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Regional Development Agencies What can we learn? Glenn Athey Athey Consulting 11 October 2011 Athey Consulting www.atheyconsulting.co.uk tel. 07799880137. About this presentation and speaker.
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Regional Development AgenciesWhat can we learn?Glenn AtheyAthey Consulting11 October 2011Athey Consultingwww.atheyconsulting.co.uktel. 07799880137
England's Regional Development Agencies were the government's primary vehicle for subnational economic policy
Expenditure – equivalent of 0.5-1% of total public expenditure
To be abolished in March 2012
What are the lessons we can take?
Glenn Athey – has worked in 2 of England's RDAs, Scottish Enterprise, think tanks, private consultancy
“form should follow function”
“Political salience of economic development activities in the UK is way beyond the levels of expenditure incurred.”
“Development agencies face a multitude of objectives, which do not all concur!...”
Any institution undertaking economic development activity is pulled between opportunity, need, compensation, equity, equality, and political will but to name a few.
Since 1930s – there have always been regional economic policies - Special Areas, Barlow Commission (1939), Statutory Industrial Relocation Policies (1945-1964), DEA (1964), Development and Assisted Areas (1970s)....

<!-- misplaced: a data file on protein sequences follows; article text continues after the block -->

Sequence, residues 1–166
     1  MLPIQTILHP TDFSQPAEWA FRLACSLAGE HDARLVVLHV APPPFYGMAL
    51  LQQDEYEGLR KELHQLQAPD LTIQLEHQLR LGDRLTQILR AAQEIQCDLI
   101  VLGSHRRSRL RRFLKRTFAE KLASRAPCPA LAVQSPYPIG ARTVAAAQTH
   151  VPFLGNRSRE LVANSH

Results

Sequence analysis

1979-1997 – spatial targeting – Enterprise Zones, UDCs; new institutions – TECs, Business Links
Wales, Scotland and NI – since 1970s (and continuing today) – economic development agencies, training agencies, investment agencies
By mid-1990s – government offices for the regions handling significant amount of business development grants, initiatives; european funding; and regeneration programmes
But all this regional activity – disjointed, functional silos, no formal role for engaging businesses and communities; no formal local tailoring of policies and delivery
About Regional Development Agencies“The aim will be to improve regional competitiveness and, over time, to bring the performance of the English regions up to the standard of the best in Europe.” John Prescott"unnecessary and expensive layer of bureaucracy that stifle genuine private enterprise." The Taxpayers Alliance“wasteful and bureaucratic.” David Cameron“abolition of regional development agencies by the coalition was a little Maoist and chaotic.” Vince Cable
1998 RDA Act set out 5 purposes
to further the economic development and the regeneration of its area,
to promote business efficiency, investment and competitiveness in its area,
to promote employment in its area,
to enhance the development and application of skills relevant to employment in its area, and
to contribute to the achievement of sustainable development in the United Kingdom where it is relevant to its area to do so.
RDAs - Regional Economic Performance Public Service Agreement (REP PSA):